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Since its a STEAM school, I'd look at the art opportunities for the summer in addition to his background and make sure he's prepared.  Nothing like looking forward to drama and finding out everyone else has been to summer camp for three years, is well read, and is well prepared to audition; same for having the skill level needed to be able to progress to the objectives for band/chorus/dance at this grade level.  

If he'll be doing a fall sport, contact the coach for summer practice suggestions. 

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15 hours ago, Ellie said:

...which begs the question of why it matters, since you're enrolling your ds in their school..

Not arguing with you or anything, just thinking out loud how weird it is, lol.

Oh, I totally agree. I mean, what are they going to do if I didn't keep attendance? Decide I'm committing educational neglect and force me to enroll him in school? Oh, wait, I'm already doing that.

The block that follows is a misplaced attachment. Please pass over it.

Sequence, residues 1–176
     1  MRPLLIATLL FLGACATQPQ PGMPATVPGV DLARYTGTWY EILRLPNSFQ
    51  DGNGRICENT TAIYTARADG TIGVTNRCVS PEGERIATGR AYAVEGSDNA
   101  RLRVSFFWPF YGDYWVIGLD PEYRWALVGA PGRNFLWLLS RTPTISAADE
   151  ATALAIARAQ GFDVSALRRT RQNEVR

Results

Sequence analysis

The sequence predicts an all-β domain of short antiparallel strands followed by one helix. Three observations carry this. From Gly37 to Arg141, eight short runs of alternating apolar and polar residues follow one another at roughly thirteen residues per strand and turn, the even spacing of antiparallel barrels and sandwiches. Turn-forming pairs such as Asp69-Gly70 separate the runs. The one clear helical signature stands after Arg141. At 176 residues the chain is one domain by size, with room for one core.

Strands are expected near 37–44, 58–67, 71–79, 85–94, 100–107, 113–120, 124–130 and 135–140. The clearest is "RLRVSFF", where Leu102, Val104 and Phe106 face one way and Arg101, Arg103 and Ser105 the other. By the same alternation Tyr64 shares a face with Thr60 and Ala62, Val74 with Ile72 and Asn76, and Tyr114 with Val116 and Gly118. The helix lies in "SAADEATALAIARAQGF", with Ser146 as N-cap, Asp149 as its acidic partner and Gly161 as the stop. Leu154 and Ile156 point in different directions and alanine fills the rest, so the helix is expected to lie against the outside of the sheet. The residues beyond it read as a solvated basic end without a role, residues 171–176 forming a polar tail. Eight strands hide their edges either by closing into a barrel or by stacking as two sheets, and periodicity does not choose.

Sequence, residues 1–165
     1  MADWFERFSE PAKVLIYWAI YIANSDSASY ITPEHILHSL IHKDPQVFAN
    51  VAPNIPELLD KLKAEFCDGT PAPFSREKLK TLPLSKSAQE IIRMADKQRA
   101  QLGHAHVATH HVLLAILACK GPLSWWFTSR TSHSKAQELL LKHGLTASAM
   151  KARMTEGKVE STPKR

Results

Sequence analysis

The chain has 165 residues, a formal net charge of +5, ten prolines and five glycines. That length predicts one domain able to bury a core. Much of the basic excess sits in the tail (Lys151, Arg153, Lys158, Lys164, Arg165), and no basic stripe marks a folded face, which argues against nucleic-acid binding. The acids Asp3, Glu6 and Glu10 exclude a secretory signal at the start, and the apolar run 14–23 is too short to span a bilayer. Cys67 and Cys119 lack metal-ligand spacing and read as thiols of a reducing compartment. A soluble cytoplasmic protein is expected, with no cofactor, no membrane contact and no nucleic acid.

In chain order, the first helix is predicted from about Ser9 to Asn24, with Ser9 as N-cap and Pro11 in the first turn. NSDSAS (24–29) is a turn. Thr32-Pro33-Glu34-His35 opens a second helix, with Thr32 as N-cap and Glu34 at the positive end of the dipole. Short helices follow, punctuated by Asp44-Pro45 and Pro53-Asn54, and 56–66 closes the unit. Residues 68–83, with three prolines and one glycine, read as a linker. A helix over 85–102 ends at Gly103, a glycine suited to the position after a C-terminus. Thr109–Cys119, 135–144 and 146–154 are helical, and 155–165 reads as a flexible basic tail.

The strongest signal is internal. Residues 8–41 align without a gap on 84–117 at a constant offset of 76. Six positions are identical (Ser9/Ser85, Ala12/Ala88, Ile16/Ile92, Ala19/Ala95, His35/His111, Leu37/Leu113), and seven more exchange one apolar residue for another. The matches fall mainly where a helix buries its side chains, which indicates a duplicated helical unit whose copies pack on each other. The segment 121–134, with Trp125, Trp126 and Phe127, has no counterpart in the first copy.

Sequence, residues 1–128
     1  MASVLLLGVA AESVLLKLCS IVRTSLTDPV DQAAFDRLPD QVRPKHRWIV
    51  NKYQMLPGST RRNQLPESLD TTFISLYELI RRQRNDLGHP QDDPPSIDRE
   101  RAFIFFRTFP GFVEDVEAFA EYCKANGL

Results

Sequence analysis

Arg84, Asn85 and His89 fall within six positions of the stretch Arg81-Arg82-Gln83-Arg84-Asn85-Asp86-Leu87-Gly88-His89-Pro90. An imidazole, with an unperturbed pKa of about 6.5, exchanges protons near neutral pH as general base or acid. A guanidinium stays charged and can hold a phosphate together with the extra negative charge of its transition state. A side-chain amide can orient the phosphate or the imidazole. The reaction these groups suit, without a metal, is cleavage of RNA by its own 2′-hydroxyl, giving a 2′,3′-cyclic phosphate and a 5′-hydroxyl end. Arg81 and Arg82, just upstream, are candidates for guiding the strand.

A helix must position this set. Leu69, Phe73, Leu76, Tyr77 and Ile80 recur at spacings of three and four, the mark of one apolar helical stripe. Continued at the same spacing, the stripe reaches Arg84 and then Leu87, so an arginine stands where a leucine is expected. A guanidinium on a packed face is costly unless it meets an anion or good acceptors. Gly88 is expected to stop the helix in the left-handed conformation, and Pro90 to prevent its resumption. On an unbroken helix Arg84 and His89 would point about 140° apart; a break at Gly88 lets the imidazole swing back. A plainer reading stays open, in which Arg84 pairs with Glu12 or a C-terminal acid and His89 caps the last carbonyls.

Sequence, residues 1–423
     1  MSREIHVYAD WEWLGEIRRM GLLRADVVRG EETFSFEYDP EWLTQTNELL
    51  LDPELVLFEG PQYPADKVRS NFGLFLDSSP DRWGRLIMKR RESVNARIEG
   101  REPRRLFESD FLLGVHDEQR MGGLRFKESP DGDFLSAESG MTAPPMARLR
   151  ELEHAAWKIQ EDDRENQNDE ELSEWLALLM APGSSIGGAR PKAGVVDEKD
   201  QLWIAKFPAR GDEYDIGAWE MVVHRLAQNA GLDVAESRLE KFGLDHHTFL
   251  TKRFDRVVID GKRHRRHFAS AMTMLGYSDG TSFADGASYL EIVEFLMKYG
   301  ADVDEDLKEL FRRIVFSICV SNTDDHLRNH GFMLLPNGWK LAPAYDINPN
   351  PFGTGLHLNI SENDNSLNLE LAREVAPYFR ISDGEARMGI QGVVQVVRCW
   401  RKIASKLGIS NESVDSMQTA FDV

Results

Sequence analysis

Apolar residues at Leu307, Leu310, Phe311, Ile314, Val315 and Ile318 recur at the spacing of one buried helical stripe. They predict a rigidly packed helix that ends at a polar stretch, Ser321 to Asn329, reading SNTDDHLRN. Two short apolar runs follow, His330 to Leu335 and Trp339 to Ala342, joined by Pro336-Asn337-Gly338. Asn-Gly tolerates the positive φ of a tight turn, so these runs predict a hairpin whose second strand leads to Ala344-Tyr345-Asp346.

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4 hours ago, HeighHo said:

Since its a STEAM school, I'd look at the art opportunities for the summer in addition to his background and make sure he's prepared.  Nothing like looking forward to drama and finding out everyone else has been to summer camp for three years, is well read, and is well prepared to audition; same for having the skill level needed to be able to progress to the objectives for band/chorus/dance at this grade level.  

If he'll be doing a fall sport, contact the coach for summer practice suggestions. 

Most of that actually doesn't apply to him, though I appreciate the ideas. The arts is mostly within the classes. There's a band and orchestra but he doesn't play anything. No drama or chorus. The one thing he could pick up is steel drums, and they expect everyone to be a beginner. The only sport he plays - Ultimate Frisbee - our schools don't have. He actually plans to keep practicing with his homeschool team, though he won't be able to play tournaments.

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40 minutes ago, kentuckymom said: